K9 is the homophone for "canine" officers. Deterring crime by their presence alone, use of trained dogs as canine officers is expected to rise.
Dogs have helped man for as long as he can remember. Some of the first trained police dogs were in Ghent, Belgium. They fell into favor in the United States in New York City during the early 1900s. Over the last several decades, use of police dogs has changed. No longer does the public view them as creatures foaming at the mouth, but as a vital part of the community. Much of this is due to positive public relations where dogs demonstrate their good behavior and training at local events. Studies have shown that the visible presence of a canine officer with his handler deters crime up to 75 percent. (U.S. Police Canine Association)
Most of this is psychological. Officer David Duran of the Stuart Police in Martin County, Florida has stated that when entering a crowd with his partner, Canine Officer Cody, people will disperse and quiet down.
Master Officer of Special Operations David Duran has been a part of the Stuart Police Department for ten years, seven of those as a K9 officer. A quiet man, he is known around his patrol area by local citizens. Besides his talent as a dog handler, Officer Duran also is bilingual — a plus in Florida’s rapidly changing society. He speaks two dialects of Spanish — Caribbean and Central American.
According to Officer Duran, Florida has one of the highest levels of canine officer use in the United States. The dogs are utilized in airports, seaports, prisons, police departments, courthouses, by county sheriffs, and border control. They sniff out bombs, drugs (crack, cocaine, methamphetamines, marijuana, ecstasy), currency, objects (evidence), accelerants (suspected arson), and people (fleeing suspects, missing children, escaped prisoners, cadavers — even underwater). (Forensic Science)
Canine officers are of such high value that often they are imported from Europe with lineage papers and a passport. Canine Officer Cody came to the Stuart Police Department from the Slovak Republic at about a year old through Metro Dade Canine Services in Miami. Like most other police dogs, Cody is a German Shepherd. Using positive reinforcement, he spent 400 hours in training prior to assuming active duty. The command language he responds to is German.
A dog’s best trait is his olfactory memory. What he smells, he remembers. His nose operates differently than a human’s — he has 300 million olfactory receptors in his nose, whereas a human has six million. Dogs also have a second olfactory system called the vomeronasal or Jacobson’s organ at the base of his nasal passage. The part of his brain which recognizes the smells is proportionately larger than a human’s is too.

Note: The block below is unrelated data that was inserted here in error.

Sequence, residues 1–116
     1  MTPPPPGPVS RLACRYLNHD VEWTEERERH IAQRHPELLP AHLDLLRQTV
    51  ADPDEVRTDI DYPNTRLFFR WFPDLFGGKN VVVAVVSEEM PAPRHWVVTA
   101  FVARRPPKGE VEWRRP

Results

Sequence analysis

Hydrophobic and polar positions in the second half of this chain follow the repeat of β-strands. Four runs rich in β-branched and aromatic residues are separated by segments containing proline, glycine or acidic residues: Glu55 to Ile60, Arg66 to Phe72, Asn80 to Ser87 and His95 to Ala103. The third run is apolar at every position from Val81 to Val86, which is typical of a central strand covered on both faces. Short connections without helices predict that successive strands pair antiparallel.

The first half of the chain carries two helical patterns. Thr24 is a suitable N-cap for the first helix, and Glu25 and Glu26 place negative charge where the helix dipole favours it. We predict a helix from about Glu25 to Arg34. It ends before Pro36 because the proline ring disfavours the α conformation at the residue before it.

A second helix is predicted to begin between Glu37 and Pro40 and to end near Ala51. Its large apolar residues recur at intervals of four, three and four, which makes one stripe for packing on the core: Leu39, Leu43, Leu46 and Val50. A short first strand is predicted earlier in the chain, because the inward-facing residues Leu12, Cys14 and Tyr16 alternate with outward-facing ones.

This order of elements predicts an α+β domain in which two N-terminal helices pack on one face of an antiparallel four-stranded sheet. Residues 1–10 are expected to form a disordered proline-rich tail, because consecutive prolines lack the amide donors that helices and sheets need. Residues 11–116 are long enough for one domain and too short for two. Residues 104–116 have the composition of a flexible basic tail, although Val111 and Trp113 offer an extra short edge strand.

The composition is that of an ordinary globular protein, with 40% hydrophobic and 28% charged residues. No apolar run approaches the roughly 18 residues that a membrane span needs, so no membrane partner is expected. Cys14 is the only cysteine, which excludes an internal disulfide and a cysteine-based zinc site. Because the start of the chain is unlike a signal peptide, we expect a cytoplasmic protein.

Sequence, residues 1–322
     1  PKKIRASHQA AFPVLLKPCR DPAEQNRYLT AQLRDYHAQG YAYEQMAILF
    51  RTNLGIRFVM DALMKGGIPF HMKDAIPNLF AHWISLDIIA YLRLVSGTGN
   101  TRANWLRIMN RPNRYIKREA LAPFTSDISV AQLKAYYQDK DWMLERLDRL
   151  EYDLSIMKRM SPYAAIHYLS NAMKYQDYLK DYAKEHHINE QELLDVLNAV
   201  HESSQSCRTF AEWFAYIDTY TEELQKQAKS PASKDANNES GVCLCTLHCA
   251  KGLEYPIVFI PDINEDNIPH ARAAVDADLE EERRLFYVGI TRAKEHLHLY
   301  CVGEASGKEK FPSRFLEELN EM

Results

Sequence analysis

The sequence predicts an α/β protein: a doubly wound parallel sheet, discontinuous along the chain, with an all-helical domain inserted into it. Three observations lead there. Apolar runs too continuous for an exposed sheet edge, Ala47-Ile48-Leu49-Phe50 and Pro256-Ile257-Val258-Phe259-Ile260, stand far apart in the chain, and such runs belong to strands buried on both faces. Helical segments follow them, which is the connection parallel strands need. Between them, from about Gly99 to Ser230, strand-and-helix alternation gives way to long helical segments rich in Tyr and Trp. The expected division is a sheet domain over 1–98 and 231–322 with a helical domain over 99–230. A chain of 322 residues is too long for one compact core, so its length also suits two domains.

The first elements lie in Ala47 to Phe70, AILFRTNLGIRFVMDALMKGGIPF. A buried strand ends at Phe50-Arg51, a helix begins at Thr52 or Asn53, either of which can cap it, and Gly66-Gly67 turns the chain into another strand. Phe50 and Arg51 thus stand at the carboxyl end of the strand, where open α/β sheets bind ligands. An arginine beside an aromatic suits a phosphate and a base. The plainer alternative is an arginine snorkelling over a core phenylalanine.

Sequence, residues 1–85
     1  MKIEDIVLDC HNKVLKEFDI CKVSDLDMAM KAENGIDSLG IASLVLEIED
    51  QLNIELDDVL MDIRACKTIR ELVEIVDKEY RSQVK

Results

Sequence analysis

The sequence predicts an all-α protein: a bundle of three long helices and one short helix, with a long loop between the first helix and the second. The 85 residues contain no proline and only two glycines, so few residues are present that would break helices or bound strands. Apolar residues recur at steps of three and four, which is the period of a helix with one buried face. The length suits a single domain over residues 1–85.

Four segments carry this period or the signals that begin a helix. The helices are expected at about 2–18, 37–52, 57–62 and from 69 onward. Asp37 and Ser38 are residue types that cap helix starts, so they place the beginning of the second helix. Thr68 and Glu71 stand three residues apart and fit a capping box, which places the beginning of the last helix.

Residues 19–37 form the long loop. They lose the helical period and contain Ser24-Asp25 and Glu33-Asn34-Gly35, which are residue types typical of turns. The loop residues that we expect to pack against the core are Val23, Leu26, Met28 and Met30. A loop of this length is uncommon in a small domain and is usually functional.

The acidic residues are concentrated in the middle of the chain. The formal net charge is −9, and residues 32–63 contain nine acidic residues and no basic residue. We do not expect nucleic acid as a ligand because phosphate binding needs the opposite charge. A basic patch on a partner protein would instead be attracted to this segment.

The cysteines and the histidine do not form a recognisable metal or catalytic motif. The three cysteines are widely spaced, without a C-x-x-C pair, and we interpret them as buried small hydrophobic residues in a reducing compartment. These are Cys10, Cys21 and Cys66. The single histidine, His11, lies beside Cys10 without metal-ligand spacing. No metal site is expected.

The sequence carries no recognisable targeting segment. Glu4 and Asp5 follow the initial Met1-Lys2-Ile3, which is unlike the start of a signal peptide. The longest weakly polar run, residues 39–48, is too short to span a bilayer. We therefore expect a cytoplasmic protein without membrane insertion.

A conservation canine named Tucker smells orca scat. He is helping save wildlife on the seas.
In 2004 at the Sensory Research Institute of Florida State University, dogs were trained to detect melanoma in tissue samples. One dog ‘confirmed’ the presence of melanoma on five patients, and even detected cancer in a sample that was initially deemed negative, but was later found to have a fraction of cancer cells. (Applied Animal Behaviour Science)
Canine Officer Cody is a dual purpose police dog, as are most. His specialties are narcotics location and patrol. Typically, Cody and Officer David Duran patrol by vehicle the streets of Stuart at night and are called in to assist other officers. Cody will complete building searches, track wanted suspects and even apprehend a warned suspect who is hiding. What would perhaps take a few men hours of time, a canine officer will finish in a few minutes. With his tail pointed up and moving back and forth, Canine Officer Cody has tracked suspects across open fields, into woods and even water at risk to his own life. He has apprehended several people.
Canine Officer Cody has been with the Stuart, Florida Police Department for eight years, seven on duty. Like other police dogs, he resides with Officer Duran and his family in Palm City. Cody is friendly with children and loves to eat treats.
Officer Duran and Cody form a unit; training and trust between the handler and canine are an integral part of the cohesiveness of the unit. Each week they join other police dogs from neighboring areas to refresh and learn new skills.
Recently, the Stuart Police Department lost Canine Officer Cody’s counterpart, Officer Beny, who died of cancer. This loss has left Officers Duran and Cody to shoulder greater responsibility. Working 12 hour night shifts, at times, they have arrived home only to be called back to work.
The cost of attaining a dog to be trained as a canine officer is approximately $10 to $12,000 plus the training. Officer Duran is also compensated for Cody’s expenses within his home. A local 24-hour veterinarian’s clinic is available for any canine illness or injury.
Officer David Duran doesn’t see a time when canine officers will not be used. Instead, he believes their usage will increase.
Well appreciated by the town, the K9 unit is regularly greeted with questions from the public about the life of K9 officers. Officers David Duran and Cody are Stuart, Florida Hometown Heroes.
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© 2014 "Hometown Heroes" Kelly Jadon